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Birth Order and Risky Adolescent Behavior

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Author Info

  • Laura M. Argys
  • Daniel I. Rees
  • Susan L. Averett
  • Benjama Witoonchart

Abstract

It is commonly believed that birth order is an important determinant of success. However, previous studies in this area have failed to provide convincing evidence that birth order is related to test scores, education, or earnings. Using data from the National Longitudinal Survey of Youth--1979, we investigate the association between birth order and adolescent behaviors such as smoking, drinking, marijuana use, sexual activity, and crime. Our estimates show that middle borns and last borns are much more likely to use substances and be sexually active than their firstborn counterparts. These results provide the strongest evidence to date that birth order is related to measurable behaviors. (JEL I12, J12, J13) Copyright 2006, Oxford University Press.

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File URL: http://hdl.handle.net/10.1093/ei/cbj011
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Bibliographic Info

Article provided by Western Economic Association International in its journal Economic Inquiry.

Volume (Year): 44 (2006)
Issue (Month): 2 (April)
Pages: 215-233

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Handle: RePEc:oup:ecinqu:v:44:y:2006:i:2:p:215-233

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Cited by:
  1. Lampi, Elina & Nordblom, Katarina, 2010. "Risk-taking middle-borns: A study on birth-order and risk preferences," Working Papers in Economics 438, University of Gothenburg, Department of Economics.
  2. Sandra E. Black & Paul J. Devereux & Kjell G. Salvanes, 2011. "Too Young to Leave the Nest? The Effects of School Starting Age," The Review of Economics and Statistics, MIT Press, vol. 93(2), pages 455-467, May.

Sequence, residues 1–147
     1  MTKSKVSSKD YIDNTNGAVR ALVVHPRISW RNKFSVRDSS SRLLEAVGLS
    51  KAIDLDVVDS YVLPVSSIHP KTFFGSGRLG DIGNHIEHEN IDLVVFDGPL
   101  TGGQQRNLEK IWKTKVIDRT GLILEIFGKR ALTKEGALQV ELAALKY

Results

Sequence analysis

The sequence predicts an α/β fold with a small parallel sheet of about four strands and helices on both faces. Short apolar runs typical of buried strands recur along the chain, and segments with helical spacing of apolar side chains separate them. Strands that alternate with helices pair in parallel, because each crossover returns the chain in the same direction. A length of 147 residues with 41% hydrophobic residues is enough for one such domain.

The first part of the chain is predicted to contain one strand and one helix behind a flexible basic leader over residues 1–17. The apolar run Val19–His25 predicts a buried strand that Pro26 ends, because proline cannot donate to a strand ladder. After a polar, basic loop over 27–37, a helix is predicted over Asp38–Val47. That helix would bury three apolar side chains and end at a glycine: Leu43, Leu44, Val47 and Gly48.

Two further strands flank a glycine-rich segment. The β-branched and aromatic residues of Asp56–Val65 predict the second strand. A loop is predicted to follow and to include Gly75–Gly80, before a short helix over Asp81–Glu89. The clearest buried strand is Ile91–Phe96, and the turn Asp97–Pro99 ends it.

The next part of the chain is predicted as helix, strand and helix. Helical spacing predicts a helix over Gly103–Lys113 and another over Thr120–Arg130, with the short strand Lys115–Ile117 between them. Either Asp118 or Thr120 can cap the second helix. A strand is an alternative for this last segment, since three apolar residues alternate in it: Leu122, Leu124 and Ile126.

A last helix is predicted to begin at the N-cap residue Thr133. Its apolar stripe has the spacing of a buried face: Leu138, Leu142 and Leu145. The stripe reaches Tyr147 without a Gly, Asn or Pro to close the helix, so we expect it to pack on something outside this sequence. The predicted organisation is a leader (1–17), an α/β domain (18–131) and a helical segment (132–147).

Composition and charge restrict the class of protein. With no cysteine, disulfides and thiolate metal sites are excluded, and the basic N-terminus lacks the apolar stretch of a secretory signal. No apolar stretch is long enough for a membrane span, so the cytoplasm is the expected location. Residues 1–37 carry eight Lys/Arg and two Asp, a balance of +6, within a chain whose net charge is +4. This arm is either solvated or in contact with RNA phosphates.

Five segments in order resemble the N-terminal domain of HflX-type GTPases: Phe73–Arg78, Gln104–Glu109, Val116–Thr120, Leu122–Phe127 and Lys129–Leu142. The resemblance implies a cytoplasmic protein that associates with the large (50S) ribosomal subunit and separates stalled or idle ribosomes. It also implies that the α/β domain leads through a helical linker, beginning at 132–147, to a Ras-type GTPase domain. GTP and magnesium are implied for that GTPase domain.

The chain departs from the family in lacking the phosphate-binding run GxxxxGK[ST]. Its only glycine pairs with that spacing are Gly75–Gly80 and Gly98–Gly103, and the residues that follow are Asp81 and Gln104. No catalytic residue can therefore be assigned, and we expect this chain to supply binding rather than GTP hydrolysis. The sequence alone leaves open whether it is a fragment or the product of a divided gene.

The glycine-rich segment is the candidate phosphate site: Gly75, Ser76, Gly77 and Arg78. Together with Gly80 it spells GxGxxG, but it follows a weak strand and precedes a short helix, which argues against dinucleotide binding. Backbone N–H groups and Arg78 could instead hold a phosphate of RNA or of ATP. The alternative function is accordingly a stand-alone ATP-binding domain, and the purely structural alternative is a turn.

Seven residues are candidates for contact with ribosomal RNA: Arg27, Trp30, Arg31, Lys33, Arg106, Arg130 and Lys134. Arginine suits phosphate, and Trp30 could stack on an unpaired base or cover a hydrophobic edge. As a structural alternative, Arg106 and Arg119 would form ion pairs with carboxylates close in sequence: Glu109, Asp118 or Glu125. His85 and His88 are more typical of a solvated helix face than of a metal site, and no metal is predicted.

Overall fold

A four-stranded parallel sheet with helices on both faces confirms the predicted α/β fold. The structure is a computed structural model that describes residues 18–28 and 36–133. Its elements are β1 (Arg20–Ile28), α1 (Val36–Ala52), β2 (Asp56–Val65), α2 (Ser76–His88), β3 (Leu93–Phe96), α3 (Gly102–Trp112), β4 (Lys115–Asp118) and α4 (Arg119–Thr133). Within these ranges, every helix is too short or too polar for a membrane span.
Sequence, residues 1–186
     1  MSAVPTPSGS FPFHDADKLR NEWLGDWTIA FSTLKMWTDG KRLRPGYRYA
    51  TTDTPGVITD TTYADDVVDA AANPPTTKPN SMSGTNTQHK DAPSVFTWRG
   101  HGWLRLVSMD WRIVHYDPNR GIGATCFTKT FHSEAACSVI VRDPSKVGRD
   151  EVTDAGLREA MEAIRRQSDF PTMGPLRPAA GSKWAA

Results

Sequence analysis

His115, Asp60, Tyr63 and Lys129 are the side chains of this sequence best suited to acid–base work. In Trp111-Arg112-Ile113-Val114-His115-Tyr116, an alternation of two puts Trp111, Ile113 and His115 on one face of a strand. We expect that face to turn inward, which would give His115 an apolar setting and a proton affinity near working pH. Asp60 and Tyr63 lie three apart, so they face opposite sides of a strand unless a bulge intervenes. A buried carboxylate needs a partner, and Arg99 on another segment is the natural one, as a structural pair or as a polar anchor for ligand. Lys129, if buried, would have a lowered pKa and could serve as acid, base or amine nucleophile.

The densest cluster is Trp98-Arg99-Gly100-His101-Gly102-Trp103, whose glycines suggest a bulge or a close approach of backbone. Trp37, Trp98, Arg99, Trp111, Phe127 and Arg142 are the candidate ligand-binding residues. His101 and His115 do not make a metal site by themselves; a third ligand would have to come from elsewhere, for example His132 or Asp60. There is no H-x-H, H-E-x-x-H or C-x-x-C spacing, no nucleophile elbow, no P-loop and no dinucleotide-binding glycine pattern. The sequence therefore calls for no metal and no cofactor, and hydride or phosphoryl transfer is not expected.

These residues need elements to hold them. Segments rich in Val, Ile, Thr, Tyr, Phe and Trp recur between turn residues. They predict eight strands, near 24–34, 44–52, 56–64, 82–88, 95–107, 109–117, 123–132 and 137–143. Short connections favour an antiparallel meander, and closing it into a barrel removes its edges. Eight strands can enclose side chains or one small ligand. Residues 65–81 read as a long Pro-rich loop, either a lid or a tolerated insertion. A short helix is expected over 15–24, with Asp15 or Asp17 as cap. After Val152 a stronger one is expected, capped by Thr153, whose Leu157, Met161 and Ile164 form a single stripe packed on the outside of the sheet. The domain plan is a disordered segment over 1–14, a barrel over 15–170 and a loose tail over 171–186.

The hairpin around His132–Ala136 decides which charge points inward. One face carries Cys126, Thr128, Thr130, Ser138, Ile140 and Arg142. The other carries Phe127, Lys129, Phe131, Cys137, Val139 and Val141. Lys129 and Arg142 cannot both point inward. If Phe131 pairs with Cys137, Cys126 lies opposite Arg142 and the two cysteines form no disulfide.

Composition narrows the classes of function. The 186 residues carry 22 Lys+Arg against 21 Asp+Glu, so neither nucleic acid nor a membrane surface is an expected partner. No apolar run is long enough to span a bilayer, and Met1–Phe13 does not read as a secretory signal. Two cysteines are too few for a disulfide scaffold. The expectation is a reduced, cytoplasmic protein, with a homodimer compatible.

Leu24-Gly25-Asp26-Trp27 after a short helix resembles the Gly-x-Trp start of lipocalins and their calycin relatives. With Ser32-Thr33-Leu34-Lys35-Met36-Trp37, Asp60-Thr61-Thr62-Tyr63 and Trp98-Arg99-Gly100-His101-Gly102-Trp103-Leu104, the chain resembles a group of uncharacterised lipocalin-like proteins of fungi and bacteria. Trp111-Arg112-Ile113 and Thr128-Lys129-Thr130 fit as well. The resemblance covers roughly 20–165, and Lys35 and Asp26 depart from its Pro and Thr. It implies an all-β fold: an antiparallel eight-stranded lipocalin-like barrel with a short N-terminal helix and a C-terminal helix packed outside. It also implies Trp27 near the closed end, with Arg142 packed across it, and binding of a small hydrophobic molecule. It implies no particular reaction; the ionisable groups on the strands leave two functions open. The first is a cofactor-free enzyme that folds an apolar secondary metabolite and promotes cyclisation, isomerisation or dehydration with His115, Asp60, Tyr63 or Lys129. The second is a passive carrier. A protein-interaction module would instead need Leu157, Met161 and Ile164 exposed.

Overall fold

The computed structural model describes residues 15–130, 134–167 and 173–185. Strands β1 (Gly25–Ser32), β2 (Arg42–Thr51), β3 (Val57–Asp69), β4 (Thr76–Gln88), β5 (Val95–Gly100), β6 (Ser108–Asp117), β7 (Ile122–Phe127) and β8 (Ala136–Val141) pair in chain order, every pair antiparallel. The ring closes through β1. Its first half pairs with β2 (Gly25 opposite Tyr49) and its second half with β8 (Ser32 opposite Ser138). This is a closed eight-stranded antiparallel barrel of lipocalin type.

3. Averett, Susan L. & Estelle, Sarah M., 2012. "Is it Necessary to Walk the Talk? The Effects of Maternal Experiences and Communication on the Sexual Behavior of Female Adolescents," IZA Discussion Papers 6586, Institute for the Study of Labor (IZA).
  4. Lampi, Elina & Nordblom, Katarina, 2008. "Money and Success –Sibling and Birth-Order Effects on Positional Concerns," Working Papers in Economics 299, University of Gothenburg, Department of Economics.
  5. Jung Hur & Yohanes E. Riyanto, 2012. "Organizational Structure and Product Market Competition," Journal of Economics & Management Strategy, Wiley Blackwell, vol. 21(3), pages 707-743, 09.
  6. Cobb-Clark, Deborah A. & Ryan, Chris & Sartbayeva, Anastasia, 2009. "Taking Chances: The Effect of Growing Up on Welfare on the Risky Behavior of Young People," IZA Discussion Papers 4095, Institute for the Study of Labor (IZA).
  7. Seth Richards-Shubik, 2012. "Peer Effects in Sexual Initiation: Separating Demand and Supply Mechanisms," PIER Working Paper Archive 12-015, Penn Institute for Economic Research, Department of Economics, University of Pennsylvania.
  8. Rees, Daniel I. & Lopez, Elizabeth & Averett, Susan L. & Argys, Laura M., 2008. "Birth order and participation in school sports and other extracurricular activities," Economics of Education Review, Elsevier, vol. 27(3), pages 354-362, June.

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